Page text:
Conflicts of interest can sneak up on you. The obvious basic definition of a PR conflict of interest is being involved in multiple interests where one could possibly corrupt your decision making of the other. A very obvious example would be working for a video game company while you own stock in their major competitor. The possibility exists that your PR decisions would not be as honest in this situation, as lowering your employers’ sales might increase your own bank account.
Hillary Clinton’s chief strategist Mark Penn fell from grace back in 2008 when, despite Hillary’s anti-free trade stance, he met with Columbian officials. Word got out that Penn’s firm represented the Columbian government, and in the end he was forced to admit he went there to discuss the free trade agreement
When the dust settled, Penn was out as chief strategist and his firm lost the Columbian government account. A total fail. The situation could have been avoided very easily if Penn had the good sense to send someone else from his firm to Columbia about the account. Or, at the very least, had total disclosure about the situation. Either way, his conflict of interest led him to make a decision that benefited him the most, not either of the people he was representing.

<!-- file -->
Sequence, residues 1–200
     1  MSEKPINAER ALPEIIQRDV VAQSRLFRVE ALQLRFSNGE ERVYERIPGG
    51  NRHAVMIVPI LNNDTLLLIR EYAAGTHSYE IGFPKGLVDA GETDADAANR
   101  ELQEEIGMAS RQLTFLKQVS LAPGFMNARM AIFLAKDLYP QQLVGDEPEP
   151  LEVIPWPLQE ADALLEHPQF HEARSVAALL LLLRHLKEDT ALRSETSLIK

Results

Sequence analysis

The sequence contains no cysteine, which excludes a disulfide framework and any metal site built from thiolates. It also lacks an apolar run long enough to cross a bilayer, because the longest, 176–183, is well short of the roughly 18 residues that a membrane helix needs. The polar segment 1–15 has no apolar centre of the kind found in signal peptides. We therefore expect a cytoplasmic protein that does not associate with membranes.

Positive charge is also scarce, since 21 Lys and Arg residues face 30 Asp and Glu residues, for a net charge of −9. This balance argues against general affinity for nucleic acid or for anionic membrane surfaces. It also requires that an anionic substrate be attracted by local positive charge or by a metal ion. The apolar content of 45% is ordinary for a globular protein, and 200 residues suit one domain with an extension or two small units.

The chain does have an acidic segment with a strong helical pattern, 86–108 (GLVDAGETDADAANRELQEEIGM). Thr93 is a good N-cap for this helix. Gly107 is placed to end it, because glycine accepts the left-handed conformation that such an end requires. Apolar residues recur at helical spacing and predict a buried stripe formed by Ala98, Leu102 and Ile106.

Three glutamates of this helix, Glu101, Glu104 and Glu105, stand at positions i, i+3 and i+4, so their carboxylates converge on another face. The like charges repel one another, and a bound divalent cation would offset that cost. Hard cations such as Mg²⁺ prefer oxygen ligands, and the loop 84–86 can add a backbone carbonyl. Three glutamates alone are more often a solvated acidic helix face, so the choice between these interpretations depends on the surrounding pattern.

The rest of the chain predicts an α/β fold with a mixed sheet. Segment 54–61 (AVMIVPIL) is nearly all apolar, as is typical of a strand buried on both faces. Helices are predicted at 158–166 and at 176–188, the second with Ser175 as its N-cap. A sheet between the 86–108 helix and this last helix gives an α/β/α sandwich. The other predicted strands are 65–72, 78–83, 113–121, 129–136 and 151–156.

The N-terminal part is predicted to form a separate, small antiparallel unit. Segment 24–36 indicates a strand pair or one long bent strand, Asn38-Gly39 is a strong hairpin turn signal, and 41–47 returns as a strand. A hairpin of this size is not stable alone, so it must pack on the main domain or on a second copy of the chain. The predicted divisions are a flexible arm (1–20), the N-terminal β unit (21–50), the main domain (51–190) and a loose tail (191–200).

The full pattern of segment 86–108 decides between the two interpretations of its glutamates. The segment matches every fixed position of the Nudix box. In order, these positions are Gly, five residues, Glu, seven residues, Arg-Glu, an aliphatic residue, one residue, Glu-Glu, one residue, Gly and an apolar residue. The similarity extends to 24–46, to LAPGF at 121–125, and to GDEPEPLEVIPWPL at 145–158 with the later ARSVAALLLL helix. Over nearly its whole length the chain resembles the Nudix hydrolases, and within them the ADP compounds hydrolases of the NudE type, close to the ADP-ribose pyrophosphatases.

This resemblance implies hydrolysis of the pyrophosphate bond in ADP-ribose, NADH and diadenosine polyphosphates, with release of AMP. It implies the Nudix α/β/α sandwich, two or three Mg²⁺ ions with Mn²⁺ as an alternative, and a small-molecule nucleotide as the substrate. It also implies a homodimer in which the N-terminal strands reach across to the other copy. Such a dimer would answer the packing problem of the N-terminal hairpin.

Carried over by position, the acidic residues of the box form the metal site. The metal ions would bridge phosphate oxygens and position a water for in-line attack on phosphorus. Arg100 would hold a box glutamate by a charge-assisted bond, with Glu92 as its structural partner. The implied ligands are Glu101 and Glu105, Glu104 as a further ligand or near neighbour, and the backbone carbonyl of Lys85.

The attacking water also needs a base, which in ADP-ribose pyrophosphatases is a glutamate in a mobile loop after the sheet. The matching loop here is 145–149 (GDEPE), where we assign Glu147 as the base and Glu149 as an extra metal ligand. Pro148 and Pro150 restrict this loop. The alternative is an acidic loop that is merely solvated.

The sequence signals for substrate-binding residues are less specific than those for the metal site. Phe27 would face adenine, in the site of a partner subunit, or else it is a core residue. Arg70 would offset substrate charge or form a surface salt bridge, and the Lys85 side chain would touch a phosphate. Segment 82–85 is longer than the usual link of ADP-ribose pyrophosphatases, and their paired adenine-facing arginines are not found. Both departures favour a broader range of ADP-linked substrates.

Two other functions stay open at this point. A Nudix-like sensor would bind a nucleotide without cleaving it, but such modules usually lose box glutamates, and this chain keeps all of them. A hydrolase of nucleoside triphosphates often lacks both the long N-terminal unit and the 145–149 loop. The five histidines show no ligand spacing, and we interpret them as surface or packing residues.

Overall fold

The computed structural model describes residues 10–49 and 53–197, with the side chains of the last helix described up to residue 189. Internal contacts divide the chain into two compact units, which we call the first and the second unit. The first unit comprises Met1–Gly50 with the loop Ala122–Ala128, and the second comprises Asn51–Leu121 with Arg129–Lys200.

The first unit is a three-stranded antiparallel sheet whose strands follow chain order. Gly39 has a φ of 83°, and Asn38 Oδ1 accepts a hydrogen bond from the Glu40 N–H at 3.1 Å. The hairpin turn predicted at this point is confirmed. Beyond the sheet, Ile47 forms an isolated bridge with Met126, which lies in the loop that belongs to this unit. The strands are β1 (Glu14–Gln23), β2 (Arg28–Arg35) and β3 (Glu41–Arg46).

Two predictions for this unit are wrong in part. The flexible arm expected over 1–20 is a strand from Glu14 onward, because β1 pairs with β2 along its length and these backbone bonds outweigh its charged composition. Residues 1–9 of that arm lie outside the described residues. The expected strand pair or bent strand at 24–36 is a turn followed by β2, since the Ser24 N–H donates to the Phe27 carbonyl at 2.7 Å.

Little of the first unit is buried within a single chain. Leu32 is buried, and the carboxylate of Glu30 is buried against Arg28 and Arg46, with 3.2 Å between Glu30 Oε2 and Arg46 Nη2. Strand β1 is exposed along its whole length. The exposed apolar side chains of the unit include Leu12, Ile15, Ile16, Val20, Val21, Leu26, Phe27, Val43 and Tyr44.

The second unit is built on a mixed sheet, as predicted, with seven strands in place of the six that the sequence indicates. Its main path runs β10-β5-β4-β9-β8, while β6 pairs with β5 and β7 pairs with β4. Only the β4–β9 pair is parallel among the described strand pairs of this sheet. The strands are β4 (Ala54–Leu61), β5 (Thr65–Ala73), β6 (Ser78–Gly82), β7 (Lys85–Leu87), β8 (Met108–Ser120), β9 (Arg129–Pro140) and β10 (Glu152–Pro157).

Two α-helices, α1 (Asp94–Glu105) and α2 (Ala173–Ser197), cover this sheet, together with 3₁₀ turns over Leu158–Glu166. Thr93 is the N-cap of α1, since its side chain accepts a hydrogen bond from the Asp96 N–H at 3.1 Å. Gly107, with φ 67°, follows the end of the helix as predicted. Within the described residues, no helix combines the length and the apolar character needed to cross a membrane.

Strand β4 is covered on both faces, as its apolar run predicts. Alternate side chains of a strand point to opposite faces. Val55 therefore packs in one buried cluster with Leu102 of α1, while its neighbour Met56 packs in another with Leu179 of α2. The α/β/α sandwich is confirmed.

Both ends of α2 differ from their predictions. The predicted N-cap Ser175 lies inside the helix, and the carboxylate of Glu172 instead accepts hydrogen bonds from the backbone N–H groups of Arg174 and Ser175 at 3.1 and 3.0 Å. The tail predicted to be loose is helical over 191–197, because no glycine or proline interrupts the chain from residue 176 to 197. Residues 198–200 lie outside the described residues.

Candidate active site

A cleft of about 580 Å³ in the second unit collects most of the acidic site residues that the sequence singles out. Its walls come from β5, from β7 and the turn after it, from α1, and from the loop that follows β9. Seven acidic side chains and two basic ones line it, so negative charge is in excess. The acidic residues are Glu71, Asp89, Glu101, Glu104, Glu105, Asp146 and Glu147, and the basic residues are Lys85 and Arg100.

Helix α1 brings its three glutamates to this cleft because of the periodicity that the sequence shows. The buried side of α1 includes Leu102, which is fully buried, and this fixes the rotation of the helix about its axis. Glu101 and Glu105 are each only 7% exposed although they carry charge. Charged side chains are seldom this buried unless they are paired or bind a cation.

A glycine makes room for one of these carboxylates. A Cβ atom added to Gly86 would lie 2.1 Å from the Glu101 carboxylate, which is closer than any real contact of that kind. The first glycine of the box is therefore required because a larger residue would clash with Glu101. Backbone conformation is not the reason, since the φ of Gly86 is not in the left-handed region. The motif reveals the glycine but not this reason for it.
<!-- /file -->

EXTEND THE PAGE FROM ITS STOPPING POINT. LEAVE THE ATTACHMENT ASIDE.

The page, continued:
Another recent example occurred when the magazine Variety, which claims to be totally objective in its reporting of movies and television news, was paid a large sum of money by an independent film studio to promote their latest film. Variety took the dough but printed a scathing review anyway. When the studio complained, Variety retracted the review (keeping the money), THEN reprinted the scathing review!
Result: super lawsuit. Variety’s claims of impartiality fell apart like tissues at a Nicholas Sparks movie.
Ways to Mitigate a Conflict of Interest
How do you avoid these conflicts? They’re going to arise at some point, it’s inevitable. Your PR firm employer picks up a new client, Bob’s Assault Weapons ‘r Us, and you’re extremely anti-gun. What do you do?
In the case you can’t completely take yourself out of the situation (your PR firm is severely understaffed), don’t hide the fact you’re anti-fun. Attempting to run a campaign while hiding information like that might hurt you in the long run. Being open and honest about it might spark discussions on how to run the campaign more sensitively.
Also, you can recuse yourself from any big decision making in the campaign. Bob’s Assault Weapons ‘r Us wants to know if their current billboard is too graphic, but you know you won’t be a fair judge. You can still run the campaign but let others make the final call.
This article is written by Mickie Kennedy, founder of eReleases (http://www.ereleases.com), the online leader in affordable press release distribution. Download a free copy of the PR Checklist – a 24 point list of Press Release Dos and Don’ts here: http://www.ereleases.com/prchecklist.html